PARIS — Two unexplained debris-producing events in 2014 involving active Iridium mobile communications satellites produced 14 pieces of identifiable debris whose source remains unknown, NASA’s Orbital Debris Office said Jan. 20.
In its quarterly assessment of space-debris developments, NASA’s Johnson Space Center in Houston said the two events, one in June and the second in November, “illustrate how mysterious many of the debris phenomena in Earth orbit still remain.”
McLean, Virginia-based Iridium Communications said after both incidents that the two satellites that NASA assumes produced the debris are working fine and recorded no anomalies on either occasion. Iridium satellites orbit at an altitude of about 781 kilometers.
NASA concludes the November event, which produced four pieces of debris following a low-velocity event, could have resulted from a small piece of junk striking the Iridium 91 satellite without upsetting the satellite’s orbit. Alternatively, it could have been “a sloughing off of insulation material that has been seen in other types of satellites before.”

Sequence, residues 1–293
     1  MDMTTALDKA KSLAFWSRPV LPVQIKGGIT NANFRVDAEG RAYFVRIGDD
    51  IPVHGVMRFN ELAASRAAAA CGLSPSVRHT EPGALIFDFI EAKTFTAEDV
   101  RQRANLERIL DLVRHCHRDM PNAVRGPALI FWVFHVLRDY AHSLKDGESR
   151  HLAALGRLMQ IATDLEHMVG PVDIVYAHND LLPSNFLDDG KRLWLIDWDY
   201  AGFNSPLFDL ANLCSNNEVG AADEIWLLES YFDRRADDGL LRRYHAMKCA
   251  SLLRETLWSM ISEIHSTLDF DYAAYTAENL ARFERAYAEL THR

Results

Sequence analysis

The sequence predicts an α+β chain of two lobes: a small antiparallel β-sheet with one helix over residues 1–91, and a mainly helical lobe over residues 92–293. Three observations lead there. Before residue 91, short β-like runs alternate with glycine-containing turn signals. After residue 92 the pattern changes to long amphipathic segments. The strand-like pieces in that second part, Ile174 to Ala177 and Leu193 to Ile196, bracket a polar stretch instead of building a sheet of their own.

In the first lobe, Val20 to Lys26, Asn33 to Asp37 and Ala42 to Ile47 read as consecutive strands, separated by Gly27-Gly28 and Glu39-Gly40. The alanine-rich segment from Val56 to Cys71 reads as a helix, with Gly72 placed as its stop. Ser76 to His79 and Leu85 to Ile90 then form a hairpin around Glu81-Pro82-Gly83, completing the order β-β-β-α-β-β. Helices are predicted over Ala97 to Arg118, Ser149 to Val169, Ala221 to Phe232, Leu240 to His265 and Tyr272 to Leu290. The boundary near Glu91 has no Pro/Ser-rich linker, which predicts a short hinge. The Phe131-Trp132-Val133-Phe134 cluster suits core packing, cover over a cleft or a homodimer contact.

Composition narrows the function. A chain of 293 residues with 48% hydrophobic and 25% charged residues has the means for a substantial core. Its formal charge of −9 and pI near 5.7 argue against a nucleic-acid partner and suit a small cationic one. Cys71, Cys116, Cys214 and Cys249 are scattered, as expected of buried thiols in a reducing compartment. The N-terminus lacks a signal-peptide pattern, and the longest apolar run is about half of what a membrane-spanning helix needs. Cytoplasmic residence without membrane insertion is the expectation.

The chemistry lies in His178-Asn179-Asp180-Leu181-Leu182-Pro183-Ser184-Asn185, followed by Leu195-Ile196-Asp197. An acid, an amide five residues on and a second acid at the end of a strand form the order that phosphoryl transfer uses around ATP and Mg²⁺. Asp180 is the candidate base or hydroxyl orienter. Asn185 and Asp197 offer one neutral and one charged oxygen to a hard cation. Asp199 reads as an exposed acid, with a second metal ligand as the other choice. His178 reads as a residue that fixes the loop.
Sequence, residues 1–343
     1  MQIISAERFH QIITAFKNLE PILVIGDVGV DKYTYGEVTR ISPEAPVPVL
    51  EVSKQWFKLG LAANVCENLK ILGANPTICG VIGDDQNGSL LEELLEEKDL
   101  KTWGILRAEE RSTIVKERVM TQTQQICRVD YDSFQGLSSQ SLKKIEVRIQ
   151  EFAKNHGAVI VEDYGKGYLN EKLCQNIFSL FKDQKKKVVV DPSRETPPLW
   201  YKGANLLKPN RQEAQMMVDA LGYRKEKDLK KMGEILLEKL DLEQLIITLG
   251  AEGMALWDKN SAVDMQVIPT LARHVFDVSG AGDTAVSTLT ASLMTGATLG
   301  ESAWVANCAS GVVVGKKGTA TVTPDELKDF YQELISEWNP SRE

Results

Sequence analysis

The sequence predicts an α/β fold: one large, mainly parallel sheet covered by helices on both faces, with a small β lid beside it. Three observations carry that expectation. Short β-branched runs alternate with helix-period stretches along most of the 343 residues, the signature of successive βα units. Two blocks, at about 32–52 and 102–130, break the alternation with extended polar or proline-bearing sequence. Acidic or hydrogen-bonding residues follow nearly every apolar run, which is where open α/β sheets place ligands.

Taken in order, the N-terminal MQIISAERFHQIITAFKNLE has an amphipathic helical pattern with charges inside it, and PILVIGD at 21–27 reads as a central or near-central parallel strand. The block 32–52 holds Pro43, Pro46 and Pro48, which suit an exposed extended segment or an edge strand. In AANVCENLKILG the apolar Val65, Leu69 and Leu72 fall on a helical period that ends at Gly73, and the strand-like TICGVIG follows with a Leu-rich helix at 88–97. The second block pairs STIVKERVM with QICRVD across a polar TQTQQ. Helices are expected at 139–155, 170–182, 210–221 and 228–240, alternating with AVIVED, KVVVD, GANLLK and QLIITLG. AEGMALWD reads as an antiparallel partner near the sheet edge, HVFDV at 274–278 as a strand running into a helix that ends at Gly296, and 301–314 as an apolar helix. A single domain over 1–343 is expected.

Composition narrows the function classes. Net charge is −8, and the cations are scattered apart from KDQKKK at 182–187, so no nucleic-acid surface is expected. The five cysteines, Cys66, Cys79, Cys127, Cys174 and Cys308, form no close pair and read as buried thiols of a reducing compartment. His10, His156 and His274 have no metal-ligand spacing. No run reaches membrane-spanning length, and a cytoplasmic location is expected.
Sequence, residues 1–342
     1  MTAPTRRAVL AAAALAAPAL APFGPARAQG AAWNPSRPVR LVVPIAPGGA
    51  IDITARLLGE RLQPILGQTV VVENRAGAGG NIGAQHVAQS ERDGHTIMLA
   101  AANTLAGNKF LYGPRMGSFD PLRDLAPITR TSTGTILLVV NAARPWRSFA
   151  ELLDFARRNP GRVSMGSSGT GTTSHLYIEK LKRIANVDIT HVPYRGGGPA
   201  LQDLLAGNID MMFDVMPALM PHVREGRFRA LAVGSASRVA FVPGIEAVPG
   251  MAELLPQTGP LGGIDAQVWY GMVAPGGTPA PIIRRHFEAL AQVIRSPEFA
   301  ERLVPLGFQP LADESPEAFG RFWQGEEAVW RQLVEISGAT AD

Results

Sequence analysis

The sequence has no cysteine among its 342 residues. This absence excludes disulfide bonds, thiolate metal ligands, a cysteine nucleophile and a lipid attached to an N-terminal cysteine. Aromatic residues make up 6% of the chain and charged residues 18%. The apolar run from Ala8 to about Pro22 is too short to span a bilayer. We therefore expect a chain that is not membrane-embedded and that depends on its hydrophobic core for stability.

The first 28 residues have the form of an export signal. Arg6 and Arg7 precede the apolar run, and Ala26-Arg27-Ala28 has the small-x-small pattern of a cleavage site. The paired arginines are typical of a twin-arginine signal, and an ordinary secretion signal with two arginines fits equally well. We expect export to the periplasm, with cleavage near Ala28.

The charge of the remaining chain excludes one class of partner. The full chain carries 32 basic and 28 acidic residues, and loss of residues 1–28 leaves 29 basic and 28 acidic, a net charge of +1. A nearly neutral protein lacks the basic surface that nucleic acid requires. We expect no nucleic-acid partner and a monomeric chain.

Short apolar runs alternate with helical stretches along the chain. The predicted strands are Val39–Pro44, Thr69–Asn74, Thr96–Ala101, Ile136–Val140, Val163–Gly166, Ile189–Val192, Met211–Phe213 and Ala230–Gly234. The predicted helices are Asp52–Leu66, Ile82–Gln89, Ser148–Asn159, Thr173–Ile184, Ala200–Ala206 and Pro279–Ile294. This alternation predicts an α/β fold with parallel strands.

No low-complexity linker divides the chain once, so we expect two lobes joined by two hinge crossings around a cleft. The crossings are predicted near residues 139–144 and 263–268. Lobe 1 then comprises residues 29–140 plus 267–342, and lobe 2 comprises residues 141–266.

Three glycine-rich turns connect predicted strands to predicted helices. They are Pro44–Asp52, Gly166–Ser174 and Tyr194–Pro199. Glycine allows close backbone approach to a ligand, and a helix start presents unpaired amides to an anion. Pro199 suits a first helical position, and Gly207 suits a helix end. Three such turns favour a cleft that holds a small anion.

The June event involving the Iridium 47 satellite produced 10 pieces of debris and is harder to explain, NASA said. “Some of these pieces were created with considerable delta velocity – in one case exceeding 80 meters per second. … [It] clearly was due to some sort of high-energy event.”
“In the absence of evidence of an explosion on board the spacecraft, a collision with a piece of untracked debris is the most likely culprit,” NASA concluded.